Farm Ireland

Wednesday 25 April 2018

Nitrate regulations or not, farmers work according to calendar year

Spraying may need to be carried out soon.
Spraying may need to be carried out soon.
PJ Phelan

PJ Phelan

Calendar farming has been a bone of contention with farmers since the advent of the nitrate regulations. But, the reality is that, when the crunch comes, farmers often work by the calendar anyway.

For example, this year many wheat growers have applied their T1 in the latter part of April without determining if the third leaf was fully out. They are now facing having to do a T1.5 in order to get to full flag leaf coverage before their T2.

The same farmers will probably spray three weeks after the T1, regardless of the crop growth stage. Second to timing is product choice. This is important, but is being restricted.

Growth stages (GS) in winter wheat currently range from 31 in late-sown, cold soils right up to 39 in some very early parts of the country. This is why some crops are still not due their T1, while others are due their T2.

Rotate epoxicolazole products with prothioconazole to reduce the risk of resistance build-up. Most programmes will include SDHI at T2. It is better to use higher rates of triazole than reduced rates of SDHI. Bravo should be included at both T1 and T2 and probably at T3.

However, omit Bravo if your timing is late as it reduces kickback. But don't be tempted to go too early with a spray because, if leaves emerge after spraying, they will be exposed to infection.

Most winter barleys have received their T2 and are relatively clean. SDHIs are strong on ramularia and are good for retaining green leaf. Bontima should perform well on clean crops. Use Siltra type products on crops with established rhyncosporium. It is preferable to include Bravo unless kickback is required.

Spring barley emerged very fast this year and plant stands range from good to excellent. With high soil temperatures and good growing conditions, crops will move through the growth stages quickly, but this can result in poor tillering.

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Growth regulators can be used to counteract this, but they must be applied before GS30. Late sowing and the mild winter will leave crops exposed to BYDV risk. Apply a pyrethroid at GS14. Inspect crops for aphids three to four days later and, if present, apply cloropyrifos or pirmicarb.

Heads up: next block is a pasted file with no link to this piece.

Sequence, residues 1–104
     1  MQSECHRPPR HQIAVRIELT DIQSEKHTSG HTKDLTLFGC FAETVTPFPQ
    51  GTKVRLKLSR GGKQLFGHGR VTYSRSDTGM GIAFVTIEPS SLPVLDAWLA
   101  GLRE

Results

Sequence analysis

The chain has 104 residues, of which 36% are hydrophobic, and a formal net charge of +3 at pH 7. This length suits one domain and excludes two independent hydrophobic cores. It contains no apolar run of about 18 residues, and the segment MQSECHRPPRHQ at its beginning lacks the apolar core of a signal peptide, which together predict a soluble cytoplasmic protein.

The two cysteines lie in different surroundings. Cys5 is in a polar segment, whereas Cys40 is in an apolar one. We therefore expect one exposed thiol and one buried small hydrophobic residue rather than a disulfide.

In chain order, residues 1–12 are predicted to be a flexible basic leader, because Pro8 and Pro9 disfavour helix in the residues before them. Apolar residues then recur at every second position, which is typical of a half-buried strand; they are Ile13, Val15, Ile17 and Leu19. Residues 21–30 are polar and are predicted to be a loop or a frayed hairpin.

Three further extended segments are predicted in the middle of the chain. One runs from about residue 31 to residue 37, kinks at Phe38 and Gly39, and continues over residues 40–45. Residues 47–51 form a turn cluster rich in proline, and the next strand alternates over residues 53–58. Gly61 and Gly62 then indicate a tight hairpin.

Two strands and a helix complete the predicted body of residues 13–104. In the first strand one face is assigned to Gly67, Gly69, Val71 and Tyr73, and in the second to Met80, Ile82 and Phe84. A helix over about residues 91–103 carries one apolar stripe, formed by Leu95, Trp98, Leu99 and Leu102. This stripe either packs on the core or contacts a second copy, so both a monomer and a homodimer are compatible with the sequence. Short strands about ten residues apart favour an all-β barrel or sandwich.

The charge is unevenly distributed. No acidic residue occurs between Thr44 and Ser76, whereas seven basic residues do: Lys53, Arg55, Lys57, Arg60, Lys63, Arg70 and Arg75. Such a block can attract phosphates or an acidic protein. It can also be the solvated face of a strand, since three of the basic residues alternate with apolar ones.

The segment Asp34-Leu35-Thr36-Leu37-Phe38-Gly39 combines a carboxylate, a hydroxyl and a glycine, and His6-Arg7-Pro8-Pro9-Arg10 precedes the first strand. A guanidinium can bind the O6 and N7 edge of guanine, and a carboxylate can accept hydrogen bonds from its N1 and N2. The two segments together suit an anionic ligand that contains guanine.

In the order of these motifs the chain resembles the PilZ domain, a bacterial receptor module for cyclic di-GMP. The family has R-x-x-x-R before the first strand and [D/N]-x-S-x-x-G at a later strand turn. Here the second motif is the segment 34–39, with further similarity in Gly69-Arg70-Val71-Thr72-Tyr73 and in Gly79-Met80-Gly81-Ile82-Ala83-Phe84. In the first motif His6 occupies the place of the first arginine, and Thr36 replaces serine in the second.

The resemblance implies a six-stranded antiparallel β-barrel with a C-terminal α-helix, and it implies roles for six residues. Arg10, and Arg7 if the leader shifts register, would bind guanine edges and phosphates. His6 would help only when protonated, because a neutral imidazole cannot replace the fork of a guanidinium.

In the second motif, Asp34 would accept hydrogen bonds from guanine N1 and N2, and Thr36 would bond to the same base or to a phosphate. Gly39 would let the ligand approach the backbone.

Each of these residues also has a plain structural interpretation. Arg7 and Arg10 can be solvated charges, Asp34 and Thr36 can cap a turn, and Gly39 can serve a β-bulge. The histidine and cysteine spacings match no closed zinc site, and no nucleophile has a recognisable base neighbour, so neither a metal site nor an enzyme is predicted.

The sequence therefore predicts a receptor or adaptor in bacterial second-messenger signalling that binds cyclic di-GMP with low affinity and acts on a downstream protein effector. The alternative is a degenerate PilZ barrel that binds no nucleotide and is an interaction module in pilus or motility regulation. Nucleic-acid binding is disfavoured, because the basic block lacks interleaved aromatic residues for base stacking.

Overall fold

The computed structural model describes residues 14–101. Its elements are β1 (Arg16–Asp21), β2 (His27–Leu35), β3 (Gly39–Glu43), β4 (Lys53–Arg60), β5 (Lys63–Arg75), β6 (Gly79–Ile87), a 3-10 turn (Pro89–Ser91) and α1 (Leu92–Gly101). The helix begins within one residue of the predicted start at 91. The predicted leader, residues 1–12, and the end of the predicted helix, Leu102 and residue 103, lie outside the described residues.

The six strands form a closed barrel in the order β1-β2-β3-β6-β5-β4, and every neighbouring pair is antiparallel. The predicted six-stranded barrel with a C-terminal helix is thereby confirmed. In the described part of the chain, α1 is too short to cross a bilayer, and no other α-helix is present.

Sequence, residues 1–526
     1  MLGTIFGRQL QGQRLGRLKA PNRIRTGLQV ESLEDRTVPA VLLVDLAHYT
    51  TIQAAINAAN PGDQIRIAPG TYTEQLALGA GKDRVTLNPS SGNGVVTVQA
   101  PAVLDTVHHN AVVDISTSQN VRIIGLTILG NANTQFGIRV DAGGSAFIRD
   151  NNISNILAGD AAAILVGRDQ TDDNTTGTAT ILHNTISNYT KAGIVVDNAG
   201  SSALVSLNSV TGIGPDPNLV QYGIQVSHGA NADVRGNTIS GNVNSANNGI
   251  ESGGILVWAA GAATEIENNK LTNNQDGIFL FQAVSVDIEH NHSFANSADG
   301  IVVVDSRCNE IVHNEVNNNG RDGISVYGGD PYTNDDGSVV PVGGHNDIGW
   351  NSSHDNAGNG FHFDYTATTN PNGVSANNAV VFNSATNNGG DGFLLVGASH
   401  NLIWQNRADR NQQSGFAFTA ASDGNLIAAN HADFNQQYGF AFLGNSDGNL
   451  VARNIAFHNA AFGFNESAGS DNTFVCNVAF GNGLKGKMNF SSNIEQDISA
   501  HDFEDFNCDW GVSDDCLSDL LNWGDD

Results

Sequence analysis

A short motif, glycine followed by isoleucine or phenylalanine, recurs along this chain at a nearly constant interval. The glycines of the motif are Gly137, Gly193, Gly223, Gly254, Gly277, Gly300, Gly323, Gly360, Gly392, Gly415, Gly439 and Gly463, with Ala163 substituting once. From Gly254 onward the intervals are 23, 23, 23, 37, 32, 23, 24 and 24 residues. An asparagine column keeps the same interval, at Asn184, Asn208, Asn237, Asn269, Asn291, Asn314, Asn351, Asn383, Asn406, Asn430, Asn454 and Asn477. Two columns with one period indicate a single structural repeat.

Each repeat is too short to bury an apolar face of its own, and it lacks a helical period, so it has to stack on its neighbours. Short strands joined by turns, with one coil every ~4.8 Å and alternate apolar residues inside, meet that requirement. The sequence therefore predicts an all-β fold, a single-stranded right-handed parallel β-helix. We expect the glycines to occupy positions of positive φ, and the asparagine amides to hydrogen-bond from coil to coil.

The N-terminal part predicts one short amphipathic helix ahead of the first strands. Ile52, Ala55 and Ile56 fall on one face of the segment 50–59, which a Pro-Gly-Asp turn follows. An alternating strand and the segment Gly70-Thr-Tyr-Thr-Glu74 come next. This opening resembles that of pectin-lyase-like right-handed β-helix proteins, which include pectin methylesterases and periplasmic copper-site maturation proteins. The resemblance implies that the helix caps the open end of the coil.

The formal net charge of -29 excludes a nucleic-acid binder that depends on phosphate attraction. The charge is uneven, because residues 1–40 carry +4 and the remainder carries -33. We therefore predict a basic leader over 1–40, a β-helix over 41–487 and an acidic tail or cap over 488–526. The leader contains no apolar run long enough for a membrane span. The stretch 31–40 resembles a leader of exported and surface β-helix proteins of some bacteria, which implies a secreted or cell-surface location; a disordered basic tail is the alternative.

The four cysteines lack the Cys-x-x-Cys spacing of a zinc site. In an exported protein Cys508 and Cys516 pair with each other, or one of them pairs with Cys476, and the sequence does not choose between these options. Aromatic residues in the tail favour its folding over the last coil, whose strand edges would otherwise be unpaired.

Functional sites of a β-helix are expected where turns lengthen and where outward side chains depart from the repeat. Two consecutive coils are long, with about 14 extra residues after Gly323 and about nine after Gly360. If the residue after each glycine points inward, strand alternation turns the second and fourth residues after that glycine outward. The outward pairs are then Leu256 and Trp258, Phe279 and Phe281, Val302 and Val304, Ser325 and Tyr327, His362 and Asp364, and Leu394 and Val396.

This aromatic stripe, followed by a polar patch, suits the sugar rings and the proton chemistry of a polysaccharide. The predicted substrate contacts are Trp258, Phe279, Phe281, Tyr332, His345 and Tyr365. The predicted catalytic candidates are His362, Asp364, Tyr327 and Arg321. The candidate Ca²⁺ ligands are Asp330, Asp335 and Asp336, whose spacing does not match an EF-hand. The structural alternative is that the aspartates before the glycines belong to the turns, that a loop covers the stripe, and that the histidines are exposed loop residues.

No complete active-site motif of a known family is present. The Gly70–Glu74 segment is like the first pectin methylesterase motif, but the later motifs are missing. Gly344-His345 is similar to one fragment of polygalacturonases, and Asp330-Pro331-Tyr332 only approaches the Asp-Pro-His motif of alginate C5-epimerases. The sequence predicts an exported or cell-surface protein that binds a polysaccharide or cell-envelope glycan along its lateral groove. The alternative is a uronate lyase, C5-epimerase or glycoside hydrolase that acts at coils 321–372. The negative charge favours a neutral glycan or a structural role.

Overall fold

Slugs are a problem in spring sown crops after leys, grassy stubbles or where there was a high level of trash over winter. With Draza (methiocarb) due to be taken off the market in autumn, you should probably start alternative methaldehyde products to test their efficiency.

Leatherjackets are unlikely to be a major problem, but they can still be a risk in spring sown crops after first or second leys. They can be controlled with chloropyrifos, ideally just before rain to help incorporate it.

Weeds that spread on the soil surface such as chickweed, cleavers and redshank will significantly compromise the ability of your crop to tiller, so it is important to spray early.

Most herbicide programmes will include a sufonylurea and tank mix partner of mecoprop, HBN or fluroxypyr. HBN improves control of knotgrass, speedwells, deadnettles and pansy. Galaxy is for resistant chickweed and corn marigold.

This year, a new product, Pelican Delta, has been added to the armoury. It consists of diflufenican and metsulfuron and will control a wide range of broadleafed weeds and has some residual effect. It must be applied to moist soil.

However, it is poor on fat-hen and black-bindweed and is incompatible with chloropyrifos. Isoproturon based products are approved on spring wheat and barley and will control annual meadow grass if applied before the grass starts to tiller. Hussar is also very effective, but avoid applying to crops under stress.

You need to read pesticide labels carefully to ensure crop safety and compliance with regulations.

Be careful with tank mixes and, if you are growing crops under contract, check that products and tank mixes are within the specification.

Wash-out procedures after using chemicals should be adhered to carefully, particularly if moving to a crop that is sensitive to chemicals that have been in the tank recently.

Chemicals that have been allowed to dry onto tanks are difficult to clean and it may be the wetting agent in your next tank mix that will "clean" both your tank and your crop.

Finally, when receiving chemicals, check that everything on your invoice is in your delivery. Recently, one of my clients found that his delivery was short of 5l Amistar and 5l Proline, worth €500.

  • Patrick J Phelan is a member of ACA and ITCA

Indo Farming

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